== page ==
Wednesday, September 1, 2010

Race and Racism surrounding Natural Hair

When we say "natural hair" we automatically think of a big afro or some curly, ethnic type of hair.
Living here in NYC, i am submersed in all the cultures of the world in my own back yard, mixed cultures included, and i love seeing all the curly heads walking around. So many different types of curls and textures, it is a wonder how people can still be racist to this day. I just appreciate each curl and culture for what it is.

I would definitely say this post was inspired by those "good hair, mixed hair" comments and of course questions of race. Being a mixed race person myself and having a very diverse family, i see all different types of hair and i have seen all different types of hair from all over the world. Okay, so there is obviously a "Natural Revolution" going on out there, and i couldn't help but notice that it's going on with hispanic girls a lot too. Growing up around a lot of hispanic people, i noticed that they always loved to get their hair straightened, and even later learned that some were getting relaxers. I always questioned why they would do this, since they always seemed to have pretty manageable curls to me. Now all i see are all these perfectly curly afros on hispanic girls and other mixed race girls that back in the day would have been permed or blow-dryed out. It is nice to see women taking pride in their natural beauty, no matter the race.

It is unfortunate that many people still can not accept people for who and what they are. The reason why racism even exists is because people are always ready to compare instead of accepting differences for what they are. I am Brazilian, Caribbean mixed, and as you can see my hair is verrrryyy curly! When i was in high school i wore my hair natural, pulled back in a banana clip everyday. I used to get all types of remarks as to what i was. Was i dominican? Was i mixed? "You're not like other black girls.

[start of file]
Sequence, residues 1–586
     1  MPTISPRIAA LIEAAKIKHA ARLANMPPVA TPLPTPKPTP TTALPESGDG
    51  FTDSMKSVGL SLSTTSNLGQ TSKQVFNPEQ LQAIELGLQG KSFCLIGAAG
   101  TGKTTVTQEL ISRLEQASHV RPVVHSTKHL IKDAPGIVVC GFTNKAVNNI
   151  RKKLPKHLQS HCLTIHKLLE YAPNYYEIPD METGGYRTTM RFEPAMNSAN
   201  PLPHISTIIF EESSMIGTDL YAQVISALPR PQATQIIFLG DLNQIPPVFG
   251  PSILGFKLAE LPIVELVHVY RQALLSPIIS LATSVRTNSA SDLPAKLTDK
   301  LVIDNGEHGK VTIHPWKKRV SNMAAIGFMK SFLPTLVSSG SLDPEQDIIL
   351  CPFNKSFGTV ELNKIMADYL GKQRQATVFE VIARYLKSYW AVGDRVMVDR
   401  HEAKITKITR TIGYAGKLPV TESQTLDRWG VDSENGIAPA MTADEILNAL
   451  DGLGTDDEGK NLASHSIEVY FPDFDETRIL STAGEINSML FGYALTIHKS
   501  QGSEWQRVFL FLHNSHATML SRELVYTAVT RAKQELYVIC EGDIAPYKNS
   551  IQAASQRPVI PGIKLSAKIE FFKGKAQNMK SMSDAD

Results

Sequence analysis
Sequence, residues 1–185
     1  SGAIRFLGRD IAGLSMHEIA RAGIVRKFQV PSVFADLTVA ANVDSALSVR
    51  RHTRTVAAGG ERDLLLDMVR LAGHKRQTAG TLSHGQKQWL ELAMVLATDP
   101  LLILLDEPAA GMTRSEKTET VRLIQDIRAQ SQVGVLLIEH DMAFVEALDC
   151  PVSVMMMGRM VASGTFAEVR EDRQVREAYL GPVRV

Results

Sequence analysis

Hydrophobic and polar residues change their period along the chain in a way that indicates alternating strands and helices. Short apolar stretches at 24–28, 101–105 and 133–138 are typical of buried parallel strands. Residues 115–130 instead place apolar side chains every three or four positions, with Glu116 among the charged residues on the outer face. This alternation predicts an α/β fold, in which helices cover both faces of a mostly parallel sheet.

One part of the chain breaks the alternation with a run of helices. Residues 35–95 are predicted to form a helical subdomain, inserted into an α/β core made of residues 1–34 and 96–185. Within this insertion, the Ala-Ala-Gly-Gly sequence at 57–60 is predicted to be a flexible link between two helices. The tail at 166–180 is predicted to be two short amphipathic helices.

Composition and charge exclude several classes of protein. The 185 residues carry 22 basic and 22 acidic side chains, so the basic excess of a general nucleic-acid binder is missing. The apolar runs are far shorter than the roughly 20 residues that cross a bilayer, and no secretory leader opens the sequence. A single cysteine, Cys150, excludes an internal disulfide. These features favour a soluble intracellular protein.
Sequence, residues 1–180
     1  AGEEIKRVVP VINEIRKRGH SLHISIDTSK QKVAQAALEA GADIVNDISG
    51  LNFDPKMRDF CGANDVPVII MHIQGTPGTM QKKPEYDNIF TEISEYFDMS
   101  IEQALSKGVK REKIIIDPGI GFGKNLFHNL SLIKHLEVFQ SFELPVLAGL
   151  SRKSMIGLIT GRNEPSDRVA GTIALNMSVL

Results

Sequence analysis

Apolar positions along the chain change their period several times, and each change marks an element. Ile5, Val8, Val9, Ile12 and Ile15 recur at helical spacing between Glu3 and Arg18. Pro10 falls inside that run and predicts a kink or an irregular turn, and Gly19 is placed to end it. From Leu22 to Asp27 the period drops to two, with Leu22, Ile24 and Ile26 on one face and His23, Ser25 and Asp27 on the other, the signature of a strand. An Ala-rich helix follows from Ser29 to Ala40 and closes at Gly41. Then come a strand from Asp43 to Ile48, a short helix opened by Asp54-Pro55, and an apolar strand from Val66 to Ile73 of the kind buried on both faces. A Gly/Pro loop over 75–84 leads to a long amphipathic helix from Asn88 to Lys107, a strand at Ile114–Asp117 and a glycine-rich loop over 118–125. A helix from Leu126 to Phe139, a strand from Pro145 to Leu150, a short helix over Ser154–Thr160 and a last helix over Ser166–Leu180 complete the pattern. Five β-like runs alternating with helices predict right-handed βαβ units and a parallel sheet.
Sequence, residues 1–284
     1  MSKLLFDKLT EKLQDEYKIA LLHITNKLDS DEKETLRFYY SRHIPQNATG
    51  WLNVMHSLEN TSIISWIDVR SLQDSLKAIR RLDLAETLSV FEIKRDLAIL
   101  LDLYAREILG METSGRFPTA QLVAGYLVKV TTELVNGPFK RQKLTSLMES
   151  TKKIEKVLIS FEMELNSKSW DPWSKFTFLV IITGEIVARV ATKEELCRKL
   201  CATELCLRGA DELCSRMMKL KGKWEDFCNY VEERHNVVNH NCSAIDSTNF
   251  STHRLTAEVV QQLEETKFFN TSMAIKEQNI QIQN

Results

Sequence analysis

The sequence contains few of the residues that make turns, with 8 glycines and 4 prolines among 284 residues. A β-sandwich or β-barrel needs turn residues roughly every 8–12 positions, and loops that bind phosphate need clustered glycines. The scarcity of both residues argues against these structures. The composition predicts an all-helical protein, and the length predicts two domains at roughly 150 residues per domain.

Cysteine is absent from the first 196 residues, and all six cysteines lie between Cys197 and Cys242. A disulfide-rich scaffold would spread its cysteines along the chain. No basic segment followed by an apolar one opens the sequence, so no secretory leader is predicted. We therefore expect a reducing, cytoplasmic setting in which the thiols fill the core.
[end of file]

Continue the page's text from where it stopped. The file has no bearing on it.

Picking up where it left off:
What was that supposed to mean?
 I noticed how people treated me different depending on how my hair was. Being that i am a hairstylist and have always done hair, you can imagine that i've been through many hair phases and styles. With each hairstyle, it seems as though i had a different identity. When my hair was short, relaxed and dyed, nobody knew where i was from but i always heard that i didn't look like a 'regular' black girl. When i had it short and dark, i was obviously African-American.

 I also found it funny how some of the biggest problems i had with people accepting me were my own kind.  Besides the color of your skin, hair plays a major role in your looks and i think i learned that rather harshly, but im glad i did. People are always ready to categorize and critisize upon what they see, as opposed to asking and learning something new. Whether they like it or not, this is me, as mixed and curly as i want to be and loving it <3
I'm so proud of all the natural women who are wearing their hair with pride.
Viva la Natural Revolution!

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